We welcome the decision of the meeting to provide both short-term credits and long-term support for structural reform in the Soviet Union, and we congratulate the Prime Minister on reversing her short-sighted attitudes on that matter.
Will the Prime Minister take this opportunity to state exactly where her Government stand on European monetary union? Is she aware that last Tuesday the deputy Prime Minister described the Chancellor's proposals for a hard ecu as being “perfectly capable” of leading to a single European currency? The Governor of the Bank of England has described the Chancellor's proposals as a “very useful step” to a single European currency. The [column 491]Chancellor and the Foreign Secretary obviously feel the same. Meanwhile, the Prime Minister says that it must not come in her lifetime and yet, on Tuesday in Dublin, she signed up to specific commitments in a specific timetable. How long does the Prime Minister hope to keep up this two-faced performance, especially when it confuses her hon. Friends and does not even impress the neighbours?
In Dublin, the Council of Ministers, in the words of the communiqué, “agreed to intensify the process … of European Union” in economic, monetary and political terms, and to secure “ratification by the end of 1992.” The Prime Minister signed up for all of that, but still she says it is others who are coming into step with us. Is the Prime Minister really trying to tell us that all along she has secretly been in favour of integration on that scale, or is the truth that at last the modern realities of the Community are beginning to impress themselves, even on the lady of Bruges?
Does the Prime Minister accept that it is obvious that, in this European Community of nations, distinctions of national identity and national institutions are of great and enduring value? Does she also realise that the influence of Britain is not advanced, and its interests are not served, by her tinpot, tin drum nationalism?
The Prime Minister
I shall try to answer some of the points raised by the right hon. Gentleman. I noticed what he said about the programme for social action. From what he said, it seems that he thinks it is quite right that the Commission should interfere with rules related to part-time work and overnight work in the United Kingdom, and that he would give the Commission that and such other piffling little powers in the name of subsidiarity. It is for us to decide those things. They come under the doctrine of subsidiarity, which the Commission is always talking about and never honouring.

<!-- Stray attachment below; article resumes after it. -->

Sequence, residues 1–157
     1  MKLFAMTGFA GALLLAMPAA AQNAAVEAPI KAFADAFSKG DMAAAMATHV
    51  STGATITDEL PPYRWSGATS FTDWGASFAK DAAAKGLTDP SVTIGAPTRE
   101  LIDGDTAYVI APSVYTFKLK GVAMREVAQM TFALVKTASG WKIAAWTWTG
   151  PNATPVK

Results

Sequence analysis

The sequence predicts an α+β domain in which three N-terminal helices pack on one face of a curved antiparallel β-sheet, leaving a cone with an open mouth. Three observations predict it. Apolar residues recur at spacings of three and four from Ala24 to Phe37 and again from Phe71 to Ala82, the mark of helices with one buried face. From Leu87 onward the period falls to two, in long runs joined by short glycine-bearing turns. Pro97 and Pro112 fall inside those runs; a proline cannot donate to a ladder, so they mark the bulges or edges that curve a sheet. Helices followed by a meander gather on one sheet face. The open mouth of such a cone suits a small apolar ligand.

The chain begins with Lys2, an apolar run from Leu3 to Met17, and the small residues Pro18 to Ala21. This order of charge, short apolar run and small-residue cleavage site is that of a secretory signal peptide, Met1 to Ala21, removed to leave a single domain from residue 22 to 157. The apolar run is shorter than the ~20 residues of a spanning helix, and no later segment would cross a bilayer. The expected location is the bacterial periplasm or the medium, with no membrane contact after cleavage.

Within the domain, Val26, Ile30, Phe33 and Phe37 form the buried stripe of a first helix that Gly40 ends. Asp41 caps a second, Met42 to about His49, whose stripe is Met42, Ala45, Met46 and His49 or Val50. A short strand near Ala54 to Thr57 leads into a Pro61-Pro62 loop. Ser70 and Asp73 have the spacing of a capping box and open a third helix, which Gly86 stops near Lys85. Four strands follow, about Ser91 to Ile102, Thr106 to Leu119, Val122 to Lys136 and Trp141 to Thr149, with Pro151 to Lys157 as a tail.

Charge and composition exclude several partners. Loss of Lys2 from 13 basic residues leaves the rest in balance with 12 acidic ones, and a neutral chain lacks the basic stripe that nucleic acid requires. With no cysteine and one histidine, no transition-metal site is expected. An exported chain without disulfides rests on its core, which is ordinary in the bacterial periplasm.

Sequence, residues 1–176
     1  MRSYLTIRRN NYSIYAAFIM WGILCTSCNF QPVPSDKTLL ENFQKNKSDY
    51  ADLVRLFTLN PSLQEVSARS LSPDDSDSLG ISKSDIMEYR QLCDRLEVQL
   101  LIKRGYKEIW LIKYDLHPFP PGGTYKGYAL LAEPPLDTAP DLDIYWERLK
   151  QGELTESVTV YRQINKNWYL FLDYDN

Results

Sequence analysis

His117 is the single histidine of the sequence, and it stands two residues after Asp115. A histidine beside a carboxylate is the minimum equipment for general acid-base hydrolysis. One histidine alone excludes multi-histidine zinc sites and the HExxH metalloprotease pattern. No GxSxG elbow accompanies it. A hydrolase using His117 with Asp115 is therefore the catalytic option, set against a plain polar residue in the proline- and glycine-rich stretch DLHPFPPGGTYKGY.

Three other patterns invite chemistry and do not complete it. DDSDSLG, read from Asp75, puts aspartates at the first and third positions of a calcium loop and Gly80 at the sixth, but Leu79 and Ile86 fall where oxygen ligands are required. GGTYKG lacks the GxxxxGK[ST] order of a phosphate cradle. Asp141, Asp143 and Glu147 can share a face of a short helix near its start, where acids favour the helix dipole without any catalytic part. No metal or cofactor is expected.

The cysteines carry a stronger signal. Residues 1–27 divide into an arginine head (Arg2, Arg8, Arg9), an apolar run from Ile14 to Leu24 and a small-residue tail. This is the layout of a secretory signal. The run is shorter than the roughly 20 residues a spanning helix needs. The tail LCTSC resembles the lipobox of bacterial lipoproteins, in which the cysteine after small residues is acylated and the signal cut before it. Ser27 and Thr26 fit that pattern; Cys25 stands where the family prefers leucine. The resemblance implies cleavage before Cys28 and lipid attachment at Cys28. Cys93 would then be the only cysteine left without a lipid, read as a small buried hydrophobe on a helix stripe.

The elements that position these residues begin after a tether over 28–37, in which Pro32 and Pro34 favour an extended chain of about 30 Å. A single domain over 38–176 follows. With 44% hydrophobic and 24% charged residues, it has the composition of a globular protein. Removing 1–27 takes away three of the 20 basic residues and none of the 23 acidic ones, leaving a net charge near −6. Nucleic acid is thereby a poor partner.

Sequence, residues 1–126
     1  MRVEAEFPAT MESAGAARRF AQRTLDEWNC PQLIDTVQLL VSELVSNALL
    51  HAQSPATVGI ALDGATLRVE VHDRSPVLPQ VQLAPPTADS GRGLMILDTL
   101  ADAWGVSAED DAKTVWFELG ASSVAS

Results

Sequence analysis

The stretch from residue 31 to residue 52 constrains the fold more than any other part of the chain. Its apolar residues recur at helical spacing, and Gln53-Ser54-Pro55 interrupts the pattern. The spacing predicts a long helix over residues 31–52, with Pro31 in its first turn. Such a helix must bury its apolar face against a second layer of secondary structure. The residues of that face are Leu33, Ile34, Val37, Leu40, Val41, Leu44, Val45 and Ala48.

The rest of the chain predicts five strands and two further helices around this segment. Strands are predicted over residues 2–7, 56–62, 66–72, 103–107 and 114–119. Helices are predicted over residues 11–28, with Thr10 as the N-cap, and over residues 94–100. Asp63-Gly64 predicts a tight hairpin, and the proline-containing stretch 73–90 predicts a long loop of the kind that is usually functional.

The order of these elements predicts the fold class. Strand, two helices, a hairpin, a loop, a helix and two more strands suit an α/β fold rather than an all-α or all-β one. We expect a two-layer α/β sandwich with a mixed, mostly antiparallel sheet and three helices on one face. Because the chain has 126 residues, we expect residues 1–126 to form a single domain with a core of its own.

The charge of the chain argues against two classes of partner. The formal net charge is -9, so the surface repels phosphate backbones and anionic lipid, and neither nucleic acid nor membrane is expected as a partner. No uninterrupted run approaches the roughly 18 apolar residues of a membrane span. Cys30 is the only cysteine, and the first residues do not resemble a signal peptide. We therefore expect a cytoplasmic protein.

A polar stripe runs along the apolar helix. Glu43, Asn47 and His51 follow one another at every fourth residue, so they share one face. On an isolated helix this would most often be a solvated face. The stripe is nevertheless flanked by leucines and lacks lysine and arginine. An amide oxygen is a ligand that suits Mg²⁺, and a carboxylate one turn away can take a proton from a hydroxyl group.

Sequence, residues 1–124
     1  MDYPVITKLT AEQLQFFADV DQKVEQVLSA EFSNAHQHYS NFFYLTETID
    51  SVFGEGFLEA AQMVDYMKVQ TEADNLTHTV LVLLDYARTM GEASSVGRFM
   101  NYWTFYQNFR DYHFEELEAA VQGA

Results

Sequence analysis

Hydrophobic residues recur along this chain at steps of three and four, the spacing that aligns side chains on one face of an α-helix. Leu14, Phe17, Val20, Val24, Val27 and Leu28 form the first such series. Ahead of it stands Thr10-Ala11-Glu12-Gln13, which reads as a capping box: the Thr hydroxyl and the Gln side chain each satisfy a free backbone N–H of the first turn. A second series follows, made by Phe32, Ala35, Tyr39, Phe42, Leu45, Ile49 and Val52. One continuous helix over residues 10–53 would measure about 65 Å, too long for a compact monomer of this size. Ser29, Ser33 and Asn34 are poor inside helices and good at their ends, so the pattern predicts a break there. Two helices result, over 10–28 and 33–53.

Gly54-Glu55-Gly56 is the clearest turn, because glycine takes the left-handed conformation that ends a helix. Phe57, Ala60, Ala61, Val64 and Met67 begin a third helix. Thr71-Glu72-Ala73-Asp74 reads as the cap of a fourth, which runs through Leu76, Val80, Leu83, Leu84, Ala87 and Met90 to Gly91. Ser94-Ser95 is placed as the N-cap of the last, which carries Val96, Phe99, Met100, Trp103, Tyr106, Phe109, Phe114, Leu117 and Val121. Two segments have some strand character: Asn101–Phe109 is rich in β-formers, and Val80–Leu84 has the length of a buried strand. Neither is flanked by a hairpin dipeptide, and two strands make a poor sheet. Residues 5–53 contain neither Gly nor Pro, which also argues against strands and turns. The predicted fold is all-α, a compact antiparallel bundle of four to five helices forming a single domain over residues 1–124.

With regard to giving help to the USSR, I remind the right hon. Gentleman, as I reminded colleagues at Dublin, that there is already in this country a line of credit of £800 million under the Export Credits Guarantee Department which has not yet been drawn upon. Therefore, we do not need any lectures from anyone about making loans available to the Soviet Union. I think that the Soviets are wise to consider before drawing them down. They know full well that what they spend the money on needs to have an effect on their whole future and their capital future. If they spent the money on consumer goods, it would tie a great big debt around their neck and not do them any long-term good. On this matter they are rather wiser than the right hon. Gentleman.
The right hon. Gentleman asked about the single currency. He should read paragraph 26 of my right hon. Friend John Majorthe Chancellor's speech. [Interruption.] I am about to read it out. Speaking about his proposals, my right hon. Friend said:
“They are practical, they are progressive, they offer choice, not prescription. They evolve naturally from stage I and have the potential to evolve further. In time the ecu would be more widely used. It would become a common currency for Europe. In the very long term, if peoples and governments so choose it could develop into a single currency, but that is a decision we should not take now for we cannot yet foresee what the size and circumstances of the new Europe would be.”
[column 492]I do not think that it could develop into a single currency without altering the European monetary fund, which my right hon. Friend also described in detail in his speech.
The right hon. Gentleman then suggested that we had signed up for something merely because we signed a procedural motion at an intergovernmental conference. Perhaps he does not realise that that decision can be taken by a plain, straightforward, simple majority, but that any conclusions reached by the conference must be straightforward unanimity. There is no possibility of not having one because the majority wanted one. We shall reserve our detailed arguments for the intergovernmental conference.
The right hon. Gentleman says that we signed up to economic and monetary union. We signed up to that before we joined, because it was part of the terms agreed in 1972 before we joined the Community, and it was still incorporated in those terms after the Prime Minister at the time, now the noble Lord Callaghan of Cardiff, had completed his renegotiation.
Several Hon. Members
Order. As the House is aware, there is a business statement after this and also a statement on British Aerospace. We then have a debate on the scrutiny of European legislation for which the House has been waiting for a long time. I propose to allow questions to the Prime Minister to continue until 4.20, and then we must move to the other statements.
Mr. David Howell (Guildford)